What is in a (Domain) Name? The Importance of Consumer Perception
By Maureen Beacom Gorman Partner, Marshall, Gerstein & Borun LLP | November 29, 2020
Co-authored by Jeremy Kriegel, Partner, & Kelley Gordon, Associate, Marshall, Gerstein & Borun LLP
On June 30, 2020, the Supreme Court, in the last opinion written by the late Justice Ginsberg, ruled that Booking.com, a generic ".com" term familiar to many in the leisure and business travel industry, could function as a trademark if consumers of internet/online hotel reservation services recognize the mark as an indication of the source for such services. United States Patent and Trademark Office, et al., v. Booking.com B. V., 591 US ___ (2020).
The Supreme Court rejected the United States Patent & Trademark Office (USPTO) position that generic.com terms intrinsically fail to function as a trademark. Rather, the Court held that generic.com terms by their very nature only could pertain to one specific domain name holder at a time. As a unique identifier of a specific domain name holder, consumers can perceive the generic.com term to indicate a single source.
All trademarks fall somewhere along a spectrum of distinctiveness, with weak generic marks at one end and strong fanciful marks at the other. Consumers typically view marks closer to the generic end of the spectrum as weak since they do not have as much (or any) protectability or source identifying recognition as those marks that qualify as suggestive, arbitrary or fanciful. On the other hand, consumers view suggestive, arbitrary or fanciful marks as strong marks since they are more likely to create an association in the mind of the consumer as a unique source identifier for the affiliated goods or services.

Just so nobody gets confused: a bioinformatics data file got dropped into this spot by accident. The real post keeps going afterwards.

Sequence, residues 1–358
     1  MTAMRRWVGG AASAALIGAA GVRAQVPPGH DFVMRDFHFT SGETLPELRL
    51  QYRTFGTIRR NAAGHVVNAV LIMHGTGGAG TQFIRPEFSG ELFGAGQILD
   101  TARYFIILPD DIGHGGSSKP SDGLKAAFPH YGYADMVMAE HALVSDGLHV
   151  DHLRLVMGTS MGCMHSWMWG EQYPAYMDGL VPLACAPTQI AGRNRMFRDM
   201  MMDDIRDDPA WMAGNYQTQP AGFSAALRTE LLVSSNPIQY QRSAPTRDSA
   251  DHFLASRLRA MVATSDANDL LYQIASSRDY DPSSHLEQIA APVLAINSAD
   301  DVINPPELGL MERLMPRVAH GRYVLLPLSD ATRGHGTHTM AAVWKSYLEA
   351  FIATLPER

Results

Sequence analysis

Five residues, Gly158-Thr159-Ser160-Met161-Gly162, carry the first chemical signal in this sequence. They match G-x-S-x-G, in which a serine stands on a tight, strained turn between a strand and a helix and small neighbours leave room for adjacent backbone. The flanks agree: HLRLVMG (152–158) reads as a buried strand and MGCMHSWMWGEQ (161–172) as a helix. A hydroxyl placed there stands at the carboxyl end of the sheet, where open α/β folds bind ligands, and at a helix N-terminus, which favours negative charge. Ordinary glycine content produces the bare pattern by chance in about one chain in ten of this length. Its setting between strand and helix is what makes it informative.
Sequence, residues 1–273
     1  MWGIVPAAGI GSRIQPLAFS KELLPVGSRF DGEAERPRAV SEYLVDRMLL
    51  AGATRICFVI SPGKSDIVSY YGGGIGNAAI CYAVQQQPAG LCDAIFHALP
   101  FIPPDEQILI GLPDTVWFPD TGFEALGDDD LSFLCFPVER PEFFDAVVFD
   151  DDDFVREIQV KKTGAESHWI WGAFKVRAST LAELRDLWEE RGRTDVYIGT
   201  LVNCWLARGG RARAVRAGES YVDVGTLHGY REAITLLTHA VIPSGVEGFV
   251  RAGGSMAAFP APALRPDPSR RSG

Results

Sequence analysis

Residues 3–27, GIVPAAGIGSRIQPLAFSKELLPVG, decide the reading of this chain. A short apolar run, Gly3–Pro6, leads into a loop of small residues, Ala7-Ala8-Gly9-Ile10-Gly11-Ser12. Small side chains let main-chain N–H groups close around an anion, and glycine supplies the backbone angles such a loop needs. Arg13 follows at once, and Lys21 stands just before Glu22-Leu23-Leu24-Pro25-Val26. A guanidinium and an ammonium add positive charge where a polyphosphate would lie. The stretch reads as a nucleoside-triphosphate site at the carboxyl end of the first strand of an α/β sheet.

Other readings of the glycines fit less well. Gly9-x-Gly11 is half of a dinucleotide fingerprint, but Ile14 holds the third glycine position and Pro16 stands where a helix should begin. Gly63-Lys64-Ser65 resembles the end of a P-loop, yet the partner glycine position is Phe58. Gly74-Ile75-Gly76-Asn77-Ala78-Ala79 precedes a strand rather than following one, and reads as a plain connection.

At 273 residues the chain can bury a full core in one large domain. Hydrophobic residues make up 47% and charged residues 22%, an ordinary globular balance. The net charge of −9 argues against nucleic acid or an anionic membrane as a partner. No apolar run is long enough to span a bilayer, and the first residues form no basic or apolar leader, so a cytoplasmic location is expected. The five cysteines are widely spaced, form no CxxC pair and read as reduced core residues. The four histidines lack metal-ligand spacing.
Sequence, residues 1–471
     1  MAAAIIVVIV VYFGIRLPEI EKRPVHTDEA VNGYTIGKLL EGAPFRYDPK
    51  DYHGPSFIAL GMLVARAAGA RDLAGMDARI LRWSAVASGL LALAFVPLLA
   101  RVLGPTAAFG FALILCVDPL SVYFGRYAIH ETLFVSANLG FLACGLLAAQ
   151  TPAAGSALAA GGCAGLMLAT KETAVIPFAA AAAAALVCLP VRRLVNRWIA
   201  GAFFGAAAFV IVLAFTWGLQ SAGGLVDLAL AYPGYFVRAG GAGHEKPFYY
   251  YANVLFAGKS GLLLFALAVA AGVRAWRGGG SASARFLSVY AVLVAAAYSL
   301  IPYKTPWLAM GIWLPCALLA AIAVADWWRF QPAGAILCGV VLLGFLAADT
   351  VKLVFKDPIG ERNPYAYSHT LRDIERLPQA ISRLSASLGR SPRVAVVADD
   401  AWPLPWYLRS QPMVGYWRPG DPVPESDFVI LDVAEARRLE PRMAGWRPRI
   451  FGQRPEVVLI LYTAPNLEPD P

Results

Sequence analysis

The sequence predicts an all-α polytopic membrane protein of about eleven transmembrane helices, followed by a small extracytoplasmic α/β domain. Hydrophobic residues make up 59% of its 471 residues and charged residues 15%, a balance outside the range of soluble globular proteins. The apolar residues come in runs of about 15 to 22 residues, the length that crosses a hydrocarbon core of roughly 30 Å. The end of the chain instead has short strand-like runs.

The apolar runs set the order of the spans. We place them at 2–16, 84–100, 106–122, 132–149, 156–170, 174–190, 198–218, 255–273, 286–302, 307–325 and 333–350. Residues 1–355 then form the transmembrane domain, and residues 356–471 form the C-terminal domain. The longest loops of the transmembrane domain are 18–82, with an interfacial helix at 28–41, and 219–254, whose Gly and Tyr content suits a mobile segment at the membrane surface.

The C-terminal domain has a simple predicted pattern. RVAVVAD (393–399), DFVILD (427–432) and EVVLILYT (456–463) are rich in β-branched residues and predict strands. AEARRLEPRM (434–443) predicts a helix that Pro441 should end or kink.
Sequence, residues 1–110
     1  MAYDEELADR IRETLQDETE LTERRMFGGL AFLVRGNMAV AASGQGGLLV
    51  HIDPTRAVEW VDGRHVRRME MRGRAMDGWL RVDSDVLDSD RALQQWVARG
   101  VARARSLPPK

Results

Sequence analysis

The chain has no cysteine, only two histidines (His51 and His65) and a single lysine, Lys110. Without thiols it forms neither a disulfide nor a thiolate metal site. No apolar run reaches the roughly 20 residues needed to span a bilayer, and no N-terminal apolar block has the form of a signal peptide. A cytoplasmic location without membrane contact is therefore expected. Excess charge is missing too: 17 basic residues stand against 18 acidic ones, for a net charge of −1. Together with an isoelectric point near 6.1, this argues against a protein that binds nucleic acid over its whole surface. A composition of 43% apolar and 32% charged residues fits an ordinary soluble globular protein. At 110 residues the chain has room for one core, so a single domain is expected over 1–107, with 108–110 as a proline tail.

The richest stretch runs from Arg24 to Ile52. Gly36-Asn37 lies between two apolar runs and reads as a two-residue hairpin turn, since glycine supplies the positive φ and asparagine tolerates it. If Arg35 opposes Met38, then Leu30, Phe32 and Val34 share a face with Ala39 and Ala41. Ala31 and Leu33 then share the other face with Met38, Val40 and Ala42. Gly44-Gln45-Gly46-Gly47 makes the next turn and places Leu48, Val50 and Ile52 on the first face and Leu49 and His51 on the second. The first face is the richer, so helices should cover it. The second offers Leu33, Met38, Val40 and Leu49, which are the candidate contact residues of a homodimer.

Generic marks are not entitled to protections of federal trademark registrations because they do not function as an identifier of a particular source or a single provider of goods or services. In other words, a generic mark and the product or service with which it is used is one and the same (i.e. a company naming a line of hotels as Hotel, or a winery naming their wine, Wine). One might hear of brands that have been subject to "genericization," where consumers use the trademark interchangeably in reference to other brands for the same products or services and lose recognition as a trademark for a singular source – such was the case with Aspirin, Escalator and Thermos.
Courts have long been clear that the closer consumers consider a mark generic, the less likely the mark will be able to obtain, or keep, trademark protection. This is due in part to the mark's failure to function as a source identifier to consumers, but also to protect competition. Using a generic term to describe the very good or service provided under the mark would unnecessarily prevent competitors from accurately identifying their offerings. For example, if a company was able to obtain a federal trademark registration for "Hotel" in connection with hotel services, future applicants that sought registration for marks containing the term "hotel" as part of the applied-for mark in connection with hotel services could ostensibly be refused protection based on the prior registration for "Hotel" alone.